Also a recipient of Nagaland Governor’s Award in Literature in the year 2016, T Senka was pivotal in bringing peace and understanding between the “warring rivals” during many communal crises and feuds including being a member of Peace Committee in solving communal feud between Aos and Sumis in 1981 as well as member of Peace Committee 1985 during the violent confrontation between Assam and Nagaland at Merapani.
He also played a pivotal role in the formation of Joint People Forum (JPF) having representation from both Nagaland and Assam in collaboration with the district administration. As a social worker, T Senka was elected as a member of the Mokokchung Town Committee (MTC), a member of the All-India Radio Campaign in Mokokchung in 1972.
T Senka Ao from Nagaland, who was amongst the 107 recipients of “Padma Shri” for the year 2022 was finally conferred with the fourth highest civilian award in the country. He was recognized for his contribution in Literature and Education.
The Padma awards are conferred by the President of India at ceremonial functions held at Rashtrapati Bhawan usually around March or April every year.
The “tribal Ao author, teacher and a journalist who has preserved Nagaland’s Ao language (dialect) through his writings over the decades, his matriculation from Government High School (GHS), Mokokchung, and graduated in 1969 from St Anthony’s College, Shillong, then under Gauhati University.
He was a very active participant in public life since his student’s days holding various posts including the president including Naga Student’s Union Shillong (NSUS) from 1968-1969, President, Mokokchung Town Student’s Union (1964-1965) and President, Ao Student’s Conference (1973-1976).
In the field of Education, he was the Joint Secretary in the Voluntary Adult Education Campaign (VAEC) in Mokokchung district from 1975 to 1979.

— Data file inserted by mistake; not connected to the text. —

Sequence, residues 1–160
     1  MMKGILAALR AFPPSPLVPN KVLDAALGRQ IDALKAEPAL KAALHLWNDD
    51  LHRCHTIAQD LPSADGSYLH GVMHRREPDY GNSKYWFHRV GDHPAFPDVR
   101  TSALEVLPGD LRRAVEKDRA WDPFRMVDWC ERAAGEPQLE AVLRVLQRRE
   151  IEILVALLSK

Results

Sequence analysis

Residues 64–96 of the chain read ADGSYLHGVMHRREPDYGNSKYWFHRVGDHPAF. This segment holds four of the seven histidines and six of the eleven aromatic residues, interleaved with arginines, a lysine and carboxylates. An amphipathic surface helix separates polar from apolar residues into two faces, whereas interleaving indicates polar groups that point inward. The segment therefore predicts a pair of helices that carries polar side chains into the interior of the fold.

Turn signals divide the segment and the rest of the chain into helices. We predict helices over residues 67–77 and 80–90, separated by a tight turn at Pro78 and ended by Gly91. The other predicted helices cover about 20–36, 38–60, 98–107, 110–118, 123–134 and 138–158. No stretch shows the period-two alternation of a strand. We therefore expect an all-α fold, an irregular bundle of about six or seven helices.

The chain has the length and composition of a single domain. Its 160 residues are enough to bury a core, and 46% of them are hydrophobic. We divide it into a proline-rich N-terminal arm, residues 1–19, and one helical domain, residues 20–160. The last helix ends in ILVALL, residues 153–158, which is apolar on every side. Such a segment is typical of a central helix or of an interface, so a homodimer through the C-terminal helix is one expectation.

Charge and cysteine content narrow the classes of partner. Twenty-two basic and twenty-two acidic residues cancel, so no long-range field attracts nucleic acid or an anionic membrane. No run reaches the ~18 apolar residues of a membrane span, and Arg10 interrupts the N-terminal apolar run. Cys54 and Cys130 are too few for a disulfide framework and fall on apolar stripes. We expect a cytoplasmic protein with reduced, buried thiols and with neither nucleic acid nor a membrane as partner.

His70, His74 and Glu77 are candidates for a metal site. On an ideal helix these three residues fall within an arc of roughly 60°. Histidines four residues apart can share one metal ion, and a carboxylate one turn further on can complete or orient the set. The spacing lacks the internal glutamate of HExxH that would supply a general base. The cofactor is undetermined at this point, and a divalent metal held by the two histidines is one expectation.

He was also the founder of the Model Night School, in 1972, the school which was started to felicitate the surrendered Naga political workers who desired for the continuation of their educational career while successfully enrolling many and at present the school felicitates the housewives, and less privilege people for their education.
Adapted source from: https://thefrontiermanipur.com/nagalands-litterateur-and-educationist-t-senka-ao-conferred-padma-shri-2022/
Guru Tulku Rinpoche
- Buddhist monk and spiritual leader from Arunachal Pradesh
Guru Tulku Rinpoche (54) is believed to have been recognized as the reincarnation of the Late Thupten Kelden Rinpoche at the age of five by the 14th Dalai Lama. After completing his monastic studies and training, he served at the office of the Dalai Lama from 1998 and continued there for ten years till he was appointed as Abbot of the Tawang monastery in 2008 until 2016. He was conferred the Padma Shri award in 2022 for his contribution to the field of spiritualism, education and various social works.
On the 28th of March 2022, an abbot from Arunachal Pradesh made a national headline and brought laurels to the dawn-lit land of India. Through the hands of the Honorable President of India Shri Ram Nath Kovind, Guru Tulku Rinpoche of Arunachal Pradesh received the fourth highest civilian award of Padma Shri. He was awarded for his immense contribution to the field of spiritualism in the region.